“There is no way to redo 1991, but there are ways to do better,” Hill herself advised in an op-ed in the New York Times 10 days ago, though the ones the committee came up with are not necessarily the ones that she had in mind.
Most notably, the Republican majority hired Rachel Mitchell, an experienced prosecutor of sexual assault cases in Phoenix. She was the only questioner for the first half of the hearing, and while she elicited no new information from Ford, it appeared that she was not hired to. She was there primarily so that a woman could ask another woman about sexual matters, so the men did not have to.
At half-time (the lunch break certainly felt like half-time) TV news anchors, including those on Fox, generally agreed that her testimony was moving and compelling. “This is disaster for the Republicans,” Chris Wallace said on Fox.
But like Thomas, Kavanaugh took the hot seat and came out swinging. Where Thomas called his nomination process “a high-tech lynching for uppity blacks,” Kavanaugh called his “a calculated and orchestrated political hit.” In the committee brawl that followed, Mitchell quietly left the stage (she was in the room, it seems, but not on camera and not heard from.)
And that is where the lessons of the Hill-Thomas hearings became most stark. Having learned not to attack the victim, the Republicans of the Judiciary Committee bent over backwards to describe Ford as a victim too. “Dr. Ford and her family have been treated incredibly poorly,” Sen. Ted Cruz said. And Sen. Ben Sasse said “I think Dr. Ford is a victim.”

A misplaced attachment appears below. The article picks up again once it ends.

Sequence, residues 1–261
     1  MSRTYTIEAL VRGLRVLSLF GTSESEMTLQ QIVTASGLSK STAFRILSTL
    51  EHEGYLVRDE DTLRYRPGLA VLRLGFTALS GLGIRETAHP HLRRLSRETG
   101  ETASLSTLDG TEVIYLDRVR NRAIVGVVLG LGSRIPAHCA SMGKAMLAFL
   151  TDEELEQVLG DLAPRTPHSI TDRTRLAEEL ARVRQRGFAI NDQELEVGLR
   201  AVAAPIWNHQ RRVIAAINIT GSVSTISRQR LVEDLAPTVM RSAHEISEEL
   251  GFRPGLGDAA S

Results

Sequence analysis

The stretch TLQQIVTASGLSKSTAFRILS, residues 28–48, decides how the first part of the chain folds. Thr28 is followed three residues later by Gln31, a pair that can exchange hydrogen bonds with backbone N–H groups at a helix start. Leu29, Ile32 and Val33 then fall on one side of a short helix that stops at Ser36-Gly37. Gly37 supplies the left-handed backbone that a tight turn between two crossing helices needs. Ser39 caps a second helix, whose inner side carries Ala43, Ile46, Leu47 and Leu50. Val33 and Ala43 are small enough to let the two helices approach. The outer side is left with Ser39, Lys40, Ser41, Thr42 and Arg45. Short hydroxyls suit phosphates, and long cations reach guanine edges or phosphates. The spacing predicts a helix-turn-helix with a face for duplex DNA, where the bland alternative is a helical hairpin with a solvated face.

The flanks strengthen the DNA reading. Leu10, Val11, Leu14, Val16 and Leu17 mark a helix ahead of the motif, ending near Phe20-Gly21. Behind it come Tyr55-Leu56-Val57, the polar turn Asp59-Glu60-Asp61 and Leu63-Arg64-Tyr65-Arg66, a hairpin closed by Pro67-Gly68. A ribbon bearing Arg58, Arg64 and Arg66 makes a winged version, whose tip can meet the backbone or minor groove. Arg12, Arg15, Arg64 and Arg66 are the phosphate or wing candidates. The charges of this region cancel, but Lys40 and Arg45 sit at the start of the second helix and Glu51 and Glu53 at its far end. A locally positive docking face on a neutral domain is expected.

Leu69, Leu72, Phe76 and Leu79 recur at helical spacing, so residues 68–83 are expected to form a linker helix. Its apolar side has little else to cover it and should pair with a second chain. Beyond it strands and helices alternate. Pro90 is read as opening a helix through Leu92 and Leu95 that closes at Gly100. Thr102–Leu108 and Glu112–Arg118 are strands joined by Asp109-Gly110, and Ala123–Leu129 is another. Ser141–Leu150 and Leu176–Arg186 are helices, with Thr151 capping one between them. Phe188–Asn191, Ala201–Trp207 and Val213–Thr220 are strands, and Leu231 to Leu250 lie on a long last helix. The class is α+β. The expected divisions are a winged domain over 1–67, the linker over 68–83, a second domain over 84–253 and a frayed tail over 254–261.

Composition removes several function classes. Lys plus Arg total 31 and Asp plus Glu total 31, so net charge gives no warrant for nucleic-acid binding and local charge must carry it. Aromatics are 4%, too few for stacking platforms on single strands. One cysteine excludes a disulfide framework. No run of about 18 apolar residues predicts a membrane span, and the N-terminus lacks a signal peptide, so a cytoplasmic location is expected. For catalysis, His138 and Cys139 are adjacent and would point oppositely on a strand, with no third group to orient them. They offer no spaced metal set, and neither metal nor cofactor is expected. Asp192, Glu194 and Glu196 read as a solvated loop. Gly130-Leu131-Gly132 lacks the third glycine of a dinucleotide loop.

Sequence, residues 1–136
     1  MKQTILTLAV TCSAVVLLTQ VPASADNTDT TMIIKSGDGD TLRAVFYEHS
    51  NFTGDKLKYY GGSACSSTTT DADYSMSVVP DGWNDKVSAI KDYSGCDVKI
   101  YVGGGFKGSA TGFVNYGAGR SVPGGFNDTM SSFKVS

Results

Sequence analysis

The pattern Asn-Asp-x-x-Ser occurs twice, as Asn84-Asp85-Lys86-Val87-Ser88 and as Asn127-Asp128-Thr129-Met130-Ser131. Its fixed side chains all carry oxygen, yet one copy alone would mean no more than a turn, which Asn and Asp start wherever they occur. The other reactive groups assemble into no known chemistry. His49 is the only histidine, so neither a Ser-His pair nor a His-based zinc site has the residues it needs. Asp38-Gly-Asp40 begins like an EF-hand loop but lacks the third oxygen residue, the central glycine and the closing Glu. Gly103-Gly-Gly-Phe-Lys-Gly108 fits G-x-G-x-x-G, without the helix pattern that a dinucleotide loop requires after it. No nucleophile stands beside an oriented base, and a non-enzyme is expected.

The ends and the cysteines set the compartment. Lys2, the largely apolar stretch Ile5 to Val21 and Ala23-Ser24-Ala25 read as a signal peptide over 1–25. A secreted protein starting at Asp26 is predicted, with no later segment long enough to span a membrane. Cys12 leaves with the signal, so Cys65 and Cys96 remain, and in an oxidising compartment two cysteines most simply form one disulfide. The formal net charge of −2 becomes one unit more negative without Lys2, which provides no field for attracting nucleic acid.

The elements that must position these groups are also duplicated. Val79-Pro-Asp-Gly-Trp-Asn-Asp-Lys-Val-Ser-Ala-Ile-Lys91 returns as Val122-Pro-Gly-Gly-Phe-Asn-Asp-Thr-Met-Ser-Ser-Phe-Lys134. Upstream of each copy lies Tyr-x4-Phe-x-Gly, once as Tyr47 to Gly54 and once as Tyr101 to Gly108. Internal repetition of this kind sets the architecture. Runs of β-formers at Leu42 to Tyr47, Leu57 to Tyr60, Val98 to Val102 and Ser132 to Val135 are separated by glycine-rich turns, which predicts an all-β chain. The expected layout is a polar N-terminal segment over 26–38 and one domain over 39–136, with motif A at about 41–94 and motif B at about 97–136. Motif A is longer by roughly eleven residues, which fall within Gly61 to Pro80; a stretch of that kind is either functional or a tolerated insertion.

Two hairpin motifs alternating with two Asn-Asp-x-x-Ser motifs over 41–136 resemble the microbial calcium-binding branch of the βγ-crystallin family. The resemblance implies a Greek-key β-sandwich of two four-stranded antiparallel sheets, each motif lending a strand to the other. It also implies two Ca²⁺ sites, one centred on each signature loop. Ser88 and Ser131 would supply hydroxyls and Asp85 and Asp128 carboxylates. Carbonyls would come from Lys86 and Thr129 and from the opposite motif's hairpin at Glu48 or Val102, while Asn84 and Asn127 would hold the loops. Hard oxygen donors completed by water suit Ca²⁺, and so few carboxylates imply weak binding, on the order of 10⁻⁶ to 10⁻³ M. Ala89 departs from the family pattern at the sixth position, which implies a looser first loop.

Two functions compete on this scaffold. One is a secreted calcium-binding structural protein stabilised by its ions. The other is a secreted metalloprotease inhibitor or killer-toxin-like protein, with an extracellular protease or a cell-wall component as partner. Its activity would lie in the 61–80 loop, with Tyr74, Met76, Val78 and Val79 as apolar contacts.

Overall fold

The nominee had learned the lesson as well. Even while accusing the Democrats on the committee of conspiring to hold off releasing the allegations until the last minute as part of a conspiracy, he stopped short of accusing Ford of being part of it. “I intend no ill will to Dr. Ford and her family,” he said in his statement, his voice breaking as he described his youngest daughter saying a bedtime prayer for “the woman.”
And yet, as Sen. Chuck Grassley gaveled the hearing to a close nearly 10 hours after it began, it was unclear whether the differences from the hearing back in 1991 would lead to a different result. Pundits who were predicting a defeat of Kavanaugh’s nomination in the morning were backing off by evening.
But a change in the makeup of the court was not the only aftereffect of the Thomas hearings. There was also all that anger. It has multiplied and magnified in the years since, and if the outcome of the Kavanaugh hearings are the same as those of the Thomas hearings, the force of that rage is potentially unprecedented, although its direction is predictable.
“If Kavanaugh is confirmed it will be lighter fluid on the midterms for liberal women,” tweeted Danielle Kurtzleben, who covers gender and politics for NPR.
Take the anger that resulted in the Year of the Woman. Add the still simmering fury over Trump’s election a month after the infamous “Access Hollywood” tape. Multiply by “how much #MeToo comes up in my interviews about stuff that is not #MeToo,” Kurtzleben continued, and the likely result is that “this will turn an already energized demographic absolutely furious.”
“Will they turn out?” she asks. “You can bet they will.”